The two-week grace period since the AMS mandated masks in the Nest has come and gone. Now, every student in the Nest should be wearing a mask, but some students have raised concerns that the AMS policy does not go far enough to discourage non-compliance.
On its Instagram story and throughout the Nest, the AMS has advertised that students “may be asked to leave the building” if they don’t wear masks, but AMS President Cole Evans could not confirm if this penalty has actually been levied against anyone.
Mask-wearing has been strongly recommended by health experts and is widely believed to be effective at curbing the spread of COVID-19. While initially not mandating masks, UBC reversed its position by requiring students to wear masks in all campus buildings in September, shortly after the AMS policy was introduced.
Among the concerned is second-year Judy Gao, who visits the Nest around three times a week. She told The Ubyssey that in her experience, around 40 per cent of people wear masks at any given time, and even those who enter the building fully masked up often remove them once they sit down.
AMS Councillor Ryan Wong corroborated this story, admitting that although the large majority of students are complying with the policy, he has observed instances of the same few students repeatedly not following the rule.
“I think it would be best if we were a little more strict with this policy and with the enforcement. But security comes with costs, and there are issues with capacity … having them be present and having sufficient numbers to roam,” Wong said.
The concerns of capacity echo the same problems cited by Evans at an AMS Council meeting last month, days after the policy was formalized.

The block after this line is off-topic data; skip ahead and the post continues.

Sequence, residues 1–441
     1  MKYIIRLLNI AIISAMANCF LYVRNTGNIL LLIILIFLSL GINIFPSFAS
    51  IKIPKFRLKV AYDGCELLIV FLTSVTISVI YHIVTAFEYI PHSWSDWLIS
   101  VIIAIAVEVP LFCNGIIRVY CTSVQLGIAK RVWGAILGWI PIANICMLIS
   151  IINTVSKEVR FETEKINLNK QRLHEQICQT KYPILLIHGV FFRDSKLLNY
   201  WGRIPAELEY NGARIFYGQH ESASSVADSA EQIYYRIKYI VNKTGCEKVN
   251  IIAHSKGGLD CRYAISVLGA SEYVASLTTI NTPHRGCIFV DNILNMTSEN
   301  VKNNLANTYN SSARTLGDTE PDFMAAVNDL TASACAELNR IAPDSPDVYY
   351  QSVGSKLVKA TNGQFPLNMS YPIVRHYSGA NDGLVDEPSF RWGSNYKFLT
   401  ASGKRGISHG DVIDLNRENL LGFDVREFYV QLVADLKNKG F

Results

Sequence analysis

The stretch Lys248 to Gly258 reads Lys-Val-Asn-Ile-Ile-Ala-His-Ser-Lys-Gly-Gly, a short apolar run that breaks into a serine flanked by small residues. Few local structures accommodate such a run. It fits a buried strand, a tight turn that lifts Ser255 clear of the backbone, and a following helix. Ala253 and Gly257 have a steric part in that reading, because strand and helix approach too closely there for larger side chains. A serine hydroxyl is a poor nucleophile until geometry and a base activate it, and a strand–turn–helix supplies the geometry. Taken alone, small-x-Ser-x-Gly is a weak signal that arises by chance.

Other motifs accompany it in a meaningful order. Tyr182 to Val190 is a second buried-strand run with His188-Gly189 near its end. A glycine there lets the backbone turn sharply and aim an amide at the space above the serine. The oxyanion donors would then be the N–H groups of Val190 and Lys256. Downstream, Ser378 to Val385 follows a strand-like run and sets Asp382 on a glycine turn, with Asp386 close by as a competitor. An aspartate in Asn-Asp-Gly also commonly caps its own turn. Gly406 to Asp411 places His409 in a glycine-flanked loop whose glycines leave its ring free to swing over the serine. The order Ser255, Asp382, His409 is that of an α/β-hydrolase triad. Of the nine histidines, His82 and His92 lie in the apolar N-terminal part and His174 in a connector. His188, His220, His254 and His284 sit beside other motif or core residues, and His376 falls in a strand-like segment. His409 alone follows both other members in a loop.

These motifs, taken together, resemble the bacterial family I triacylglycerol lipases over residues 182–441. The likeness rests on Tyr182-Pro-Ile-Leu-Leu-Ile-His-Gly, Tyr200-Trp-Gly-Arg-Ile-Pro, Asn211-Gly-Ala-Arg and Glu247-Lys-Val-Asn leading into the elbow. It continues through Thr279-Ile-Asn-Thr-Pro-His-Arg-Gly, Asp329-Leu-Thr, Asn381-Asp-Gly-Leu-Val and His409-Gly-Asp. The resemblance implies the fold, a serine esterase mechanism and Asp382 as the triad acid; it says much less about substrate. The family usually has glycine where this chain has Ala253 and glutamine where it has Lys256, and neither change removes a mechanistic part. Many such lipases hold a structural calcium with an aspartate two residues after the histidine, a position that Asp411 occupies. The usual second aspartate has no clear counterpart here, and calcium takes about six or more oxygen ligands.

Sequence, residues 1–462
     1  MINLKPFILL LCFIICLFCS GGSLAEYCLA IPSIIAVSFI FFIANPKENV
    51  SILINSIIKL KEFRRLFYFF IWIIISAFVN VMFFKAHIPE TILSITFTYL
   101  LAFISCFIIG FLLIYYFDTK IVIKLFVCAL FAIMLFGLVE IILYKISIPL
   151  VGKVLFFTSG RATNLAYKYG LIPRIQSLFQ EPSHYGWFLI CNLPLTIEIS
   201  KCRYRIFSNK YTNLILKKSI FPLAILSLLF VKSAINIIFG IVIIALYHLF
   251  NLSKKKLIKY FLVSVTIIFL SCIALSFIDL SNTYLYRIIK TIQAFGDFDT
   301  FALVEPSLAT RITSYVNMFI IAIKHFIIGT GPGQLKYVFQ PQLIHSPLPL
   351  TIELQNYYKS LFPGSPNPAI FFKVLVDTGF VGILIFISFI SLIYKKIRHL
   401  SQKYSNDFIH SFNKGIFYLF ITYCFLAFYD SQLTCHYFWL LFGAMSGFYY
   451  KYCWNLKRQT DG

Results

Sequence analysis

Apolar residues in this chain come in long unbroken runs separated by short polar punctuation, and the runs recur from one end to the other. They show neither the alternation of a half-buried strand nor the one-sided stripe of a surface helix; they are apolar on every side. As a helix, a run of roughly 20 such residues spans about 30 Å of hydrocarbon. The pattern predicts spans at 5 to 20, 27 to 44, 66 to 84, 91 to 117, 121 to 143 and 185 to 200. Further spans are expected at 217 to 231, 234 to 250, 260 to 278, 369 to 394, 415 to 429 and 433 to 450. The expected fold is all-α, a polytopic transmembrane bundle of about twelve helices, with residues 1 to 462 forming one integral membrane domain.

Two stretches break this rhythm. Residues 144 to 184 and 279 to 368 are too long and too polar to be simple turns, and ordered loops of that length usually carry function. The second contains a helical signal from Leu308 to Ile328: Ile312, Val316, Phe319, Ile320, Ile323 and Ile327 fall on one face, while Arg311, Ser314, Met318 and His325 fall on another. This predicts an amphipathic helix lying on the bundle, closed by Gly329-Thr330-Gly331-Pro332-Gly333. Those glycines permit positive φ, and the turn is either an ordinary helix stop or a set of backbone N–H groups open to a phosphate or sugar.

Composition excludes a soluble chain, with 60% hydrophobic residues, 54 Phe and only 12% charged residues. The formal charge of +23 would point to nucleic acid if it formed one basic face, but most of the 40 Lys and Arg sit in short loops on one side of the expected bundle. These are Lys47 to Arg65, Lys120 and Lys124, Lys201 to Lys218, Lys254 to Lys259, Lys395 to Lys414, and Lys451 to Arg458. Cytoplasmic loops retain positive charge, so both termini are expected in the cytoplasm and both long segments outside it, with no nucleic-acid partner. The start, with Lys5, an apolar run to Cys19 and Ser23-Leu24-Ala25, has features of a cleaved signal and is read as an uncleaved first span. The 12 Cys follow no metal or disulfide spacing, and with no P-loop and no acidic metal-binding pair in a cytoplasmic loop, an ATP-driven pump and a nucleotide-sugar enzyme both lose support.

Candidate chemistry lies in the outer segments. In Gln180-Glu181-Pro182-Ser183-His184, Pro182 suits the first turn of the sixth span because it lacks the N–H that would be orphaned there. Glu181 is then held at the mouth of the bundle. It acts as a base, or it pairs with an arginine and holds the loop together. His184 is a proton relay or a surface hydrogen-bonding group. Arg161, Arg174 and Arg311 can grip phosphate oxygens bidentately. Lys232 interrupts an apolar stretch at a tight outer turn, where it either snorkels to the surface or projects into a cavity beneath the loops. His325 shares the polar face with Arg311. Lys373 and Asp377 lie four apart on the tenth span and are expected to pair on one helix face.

At the same meeting, Evans said the AMS is focused on “passive enforcement,” claiming that he didn’t want to police people and hoped the honour-based system, in conjunction with peer pressure, would be sufficient at ensuring compliance.
Evans reiterated to The Ubyssey that because the AMS does not have its own security, having regular patrolling in the Nest — a very large building — would be difficult. He also still believes that passive enforcement is the right approach, even if it’s not perfect.
“We don’t expect to get 100 per cent compliance, but we have seen gradually more and more students wearing a mask in the Nest,” Evans said.
He also said that the AMS is exploring options to provide free masks in the building in order to make sure that certain socioeconomic conditions do not prevent people from complying with the rule.
While some students have vocally expressed their disapproval of the lax regulation, others have been more indifferent. First-year Maja Grandinetti is one of many who falls into the latter.
“Not wearing a mask in a shared space on campus is nonsensical, but because of social distancing protocols taken by UBC, others’ lack of masks does not make me feel at risk,” Grandinetti said.
Evans said the policy is unlikely to be amended in the near future.
“At the end of the day, we want to make sure students who want to use the Nest can do so safely,” Evans said. “To students who have concerns about it, we just need to remember that the onus is on individuals during this pandemic to work together and slow the spread.”